Monday, June 25, 2018
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Trustees unhappy with exclusive trash contract

Village board members say agreement doesn’t leave freedom of choice for businessmen

Independent contractors and construction companies don’t have a choice who will haul off their trash if they’re working inside the village limits of Brady.

With an entire year remaining on a two-year exclusive contract, village board members realize they are locked into current services by Schaben Sanitation.

But that’s likely to change when the agreement expires next year.

“I was not on the board when this contract was signed,” said trustee Troy Viter, who was appointed to the board last month. “I can assure you, though, it will be rectified.”

The village’s contract with Schaben clearly states that all sanitation business in Brady must be conducted with only that company. That includes all private residential and commercial or construction business.

“This contract is tight,” said Schaben representative Jeff Westrick. “I have solid competition in Gothenburg and I didn’t want to give my competitors an inch to get into this village.”

The agreement with the village for residential service is not the issue, trustees told Westrick.

“The problem is this exclusive agreement means contractors here don’t have a choice who they do business with,” said trustee Jeff Miller.

The issue came to light when a Brady homeowner secured a large roll-off dumpster from Mike’s Sanitation of Gothenburg for a remodeling project.

The cost for the roll-off from Mike’s was much cheaper than Schaben, said one of the project contractors Jeff Snyder.

But Schaben officials said the roll-off was a breech of the village contract.

Westrick offered to match or beat Mike’s pricing when contacted directly by customers to satisfy immediate concerns.

“We’re still going to have to do something with this contract,” Viter said.

The contract runs through December 2010.

In other matters, Get-N-Go owner Jack Mann asked trustees to consider again waiving the fees associated with the store’s liquor license.

Mann approached the board in June when he was preparing to reopen the store, asking for possible financial assistance by waiving the $200 liquor license and $200 occupancy tax fees.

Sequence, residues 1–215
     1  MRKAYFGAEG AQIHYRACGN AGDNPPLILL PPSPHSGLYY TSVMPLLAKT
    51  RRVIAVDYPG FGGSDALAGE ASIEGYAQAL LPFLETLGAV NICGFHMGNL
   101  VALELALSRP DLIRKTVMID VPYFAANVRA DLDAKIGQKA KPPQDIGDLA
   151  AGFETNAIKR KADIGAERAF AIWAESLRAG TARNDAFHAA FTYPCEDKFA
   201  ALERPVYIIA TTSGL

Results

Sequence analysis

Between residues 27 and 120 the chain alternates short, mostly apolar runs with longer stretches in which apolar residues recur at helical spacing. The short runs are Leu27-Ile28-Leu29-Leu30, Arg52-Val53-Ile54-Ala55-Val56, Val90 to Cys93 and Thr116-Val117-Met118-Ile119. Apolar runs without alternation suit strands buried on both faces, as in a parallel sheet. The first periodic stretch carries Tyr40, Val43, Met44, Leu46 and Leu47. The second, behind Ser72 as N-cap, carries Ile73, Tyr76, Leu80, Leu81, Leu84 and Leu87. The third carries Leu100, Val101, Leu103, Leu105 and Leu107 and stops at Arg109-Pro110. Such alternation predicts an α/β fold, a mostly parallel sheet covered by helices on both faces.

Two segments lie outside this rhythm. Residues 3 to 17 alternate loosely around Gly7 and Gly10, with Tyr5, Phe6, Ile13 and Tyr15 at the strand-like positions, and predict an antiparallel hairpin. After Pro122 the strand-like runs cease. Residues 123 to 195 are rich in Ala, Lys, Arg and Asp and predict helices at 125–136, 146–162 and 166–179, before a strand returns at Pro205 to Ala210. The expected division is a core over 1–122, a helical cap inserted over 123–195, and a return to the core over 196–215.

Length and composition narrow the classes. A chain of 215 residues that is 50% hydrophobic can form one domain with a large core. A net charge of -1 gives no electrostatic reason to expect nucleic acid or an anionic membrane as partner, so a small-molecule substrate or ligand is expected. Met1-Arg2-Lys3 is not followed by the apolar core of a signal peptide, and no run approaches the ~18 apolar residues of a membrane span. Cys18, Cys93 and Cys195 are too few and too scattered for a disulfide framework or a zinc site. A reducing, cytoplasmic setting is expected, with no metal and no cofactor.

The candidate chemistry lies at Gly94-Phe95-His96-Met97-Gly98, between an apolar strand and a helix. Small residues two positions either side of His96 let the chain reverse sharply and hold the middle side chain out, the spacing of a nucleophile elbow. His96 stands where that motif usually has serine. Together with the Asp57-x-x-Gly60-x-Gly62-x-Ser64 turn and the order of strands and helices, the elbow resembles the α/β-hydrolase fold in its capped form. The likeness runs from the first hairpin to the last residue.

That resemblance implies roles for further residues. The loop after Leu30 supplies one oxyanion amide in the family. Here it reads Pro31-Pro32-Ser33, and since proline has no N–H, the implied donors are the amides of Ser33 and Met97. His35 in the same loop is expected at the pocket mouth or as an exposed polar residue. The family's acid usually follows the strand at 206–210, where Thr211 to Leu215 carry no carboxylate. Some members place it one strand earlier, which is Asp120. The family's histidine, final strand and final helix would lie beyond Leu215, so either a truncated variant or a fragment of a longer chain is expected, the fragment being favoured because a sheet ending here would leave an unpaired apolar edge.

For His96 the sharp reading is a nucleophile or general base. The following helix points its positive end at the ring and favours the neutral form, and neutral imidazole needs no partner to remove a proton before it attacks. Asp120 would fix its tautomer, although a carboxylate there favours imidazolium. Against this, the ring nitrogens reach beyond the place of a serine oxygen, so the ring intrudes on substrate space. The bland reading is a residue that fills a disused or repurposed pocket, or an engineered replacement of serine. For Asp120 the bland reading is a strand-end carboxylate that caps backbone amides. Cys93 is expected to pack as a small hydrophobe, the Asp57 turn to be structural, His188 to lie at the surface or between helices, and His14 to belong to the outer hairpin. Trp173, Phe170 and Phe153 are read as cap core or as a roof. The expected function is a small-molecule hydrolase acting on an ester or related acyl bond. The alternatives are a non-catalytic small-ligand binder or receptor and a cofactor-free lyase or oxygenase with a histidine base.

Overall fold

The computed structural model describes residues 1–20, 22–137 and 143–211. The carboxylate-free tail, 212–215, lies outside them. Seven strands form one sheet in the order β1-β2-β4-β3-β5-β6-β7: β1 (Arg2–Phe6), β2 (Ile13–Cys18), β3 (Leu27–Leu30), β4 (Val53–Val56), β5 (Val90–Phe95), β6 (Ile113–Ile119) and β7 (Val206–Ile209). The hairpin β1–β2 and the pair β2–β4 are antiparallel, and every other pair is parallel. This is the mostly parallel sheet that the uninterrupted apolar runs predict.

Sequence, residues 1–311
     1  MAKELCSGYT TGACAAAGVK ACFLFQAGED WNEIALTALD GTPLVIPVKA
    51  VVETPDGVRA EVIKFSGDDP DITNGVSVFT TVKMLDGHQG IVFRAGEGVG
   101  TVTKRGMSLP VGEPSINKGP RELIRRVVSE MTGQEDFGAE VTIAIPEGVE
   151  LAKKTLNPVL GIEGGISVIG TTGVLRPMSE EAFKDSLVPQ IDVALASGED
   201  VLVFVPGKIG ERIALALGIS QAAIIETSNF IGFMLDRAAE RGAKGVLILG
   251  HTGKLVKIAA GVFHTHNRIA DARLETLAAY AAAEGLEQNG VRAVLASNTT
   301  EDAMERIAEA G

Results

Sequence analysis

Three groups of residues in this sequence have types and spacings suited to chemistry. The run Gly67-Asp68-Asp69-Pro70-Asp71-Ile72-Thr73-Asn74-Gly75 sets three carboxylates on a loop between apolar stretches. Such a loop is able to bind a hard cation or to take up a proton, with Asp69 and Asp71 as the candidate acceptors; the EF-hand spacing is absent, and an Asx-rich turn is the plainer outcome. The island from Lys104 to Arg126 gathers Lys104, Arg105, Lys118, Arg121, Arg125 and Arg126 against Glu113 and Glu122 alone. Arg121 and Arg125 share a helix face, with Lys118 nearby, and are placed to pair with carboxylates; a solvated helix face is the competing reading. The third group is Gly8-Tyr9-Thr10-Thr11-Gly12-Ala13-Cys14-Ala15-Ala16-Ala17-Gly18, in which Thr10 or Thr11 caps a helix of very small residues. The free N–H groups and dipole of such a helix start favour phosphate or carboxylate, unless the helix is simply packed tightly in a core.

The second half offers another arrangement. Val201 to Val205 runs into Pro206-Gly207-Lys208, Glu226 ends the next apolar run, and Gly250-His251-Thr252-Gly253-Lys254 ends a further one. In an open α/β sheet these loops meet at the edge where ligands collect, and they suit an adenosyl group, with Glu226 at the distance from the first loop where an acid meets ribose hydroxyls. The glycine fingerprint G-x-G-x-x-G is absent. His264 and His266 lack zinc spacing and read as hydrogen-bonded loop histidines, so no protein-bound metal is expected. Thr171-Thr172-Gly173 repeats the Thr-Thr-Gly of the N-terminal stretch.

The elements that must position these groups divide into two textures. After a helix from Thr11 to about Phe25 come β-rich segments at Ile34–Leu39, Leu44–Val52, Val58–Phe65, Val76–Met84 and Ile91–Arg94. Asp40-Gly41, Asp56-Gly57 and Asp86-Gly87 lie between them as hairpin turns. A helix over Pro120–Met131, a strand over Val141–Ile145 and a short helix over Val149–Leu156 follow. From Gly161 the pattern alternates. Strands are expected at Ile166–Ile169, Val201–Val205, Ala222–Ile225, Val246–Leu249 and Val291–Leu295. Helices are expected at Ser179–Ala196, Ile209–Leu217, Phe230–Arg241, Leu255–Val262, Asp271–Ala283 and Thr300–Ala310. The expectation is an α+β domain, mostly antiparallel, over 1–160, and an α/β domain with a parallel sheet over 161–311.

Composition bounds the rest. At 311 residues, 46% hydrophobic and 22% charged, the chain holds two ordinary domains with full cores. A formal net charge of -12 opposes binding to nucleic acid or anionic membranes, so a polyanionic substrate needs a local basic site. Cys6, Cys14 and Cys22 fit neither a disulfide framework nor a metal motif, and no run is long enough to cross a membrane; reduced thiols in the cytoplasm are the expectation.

Through village attorney Steve Vinton, trustees realized they could not waive the fees for one business without doing the same for the two others who have already paid liquor license fees.

Vinton said the village could vote to reduce or eliminate the occupancy tax but an ordinance change would be required.

Mann also told trustees the driveway to the store lies between two storm sewers and the concrete there has sunken below both drains.

“I would like that area leveled so my customers don’t have to drive through a lake to get to my store,” Mann said.

Trustees agreed to have the storm drains inspected to determine the underlying problem.

Mann also requested that the village do business with the store, especially for fuel.

Utilities superintendent Keith Wagnitz said he buys fuel at Brady One-Stop near the interstate because he saves significant money with a government discount.

Mann promised to be competitive and offer the same savings if possible.

In other business, village trustees:

  • learned from utilities superintendent Keith Wagnitz that two needs surveys for water and sewer projects have been sent as part of grant applications to help pay for repairs to the sewage lagoons.
  • heard from clerk Pam Diehl that assistant clerk Tina Golter has resigned.
  • accepted the annual roads report from Carla O’Dell.
  • passed a resolution establishing new fees for village building permits. Permits for a new home or business construction are based on total valuation while fence, sign and driveway permits are a flat $30. The previous permit fee was $50 regardless of the project.
  • appointed Viter as vice chairman.
  • chose to renew a pair of matured certificates of deposit for a three-month period rather than cashing them to pay off the Community Center loan. With the looming cost of sewage lagoon repairs, trustees felt keeping that money available now was the better option.
  • discussed the possibility of hiring part-time temporary help for the utilities department.
  • approved installation of Internet service for the utilities superintendent at the village shop through Internet USA.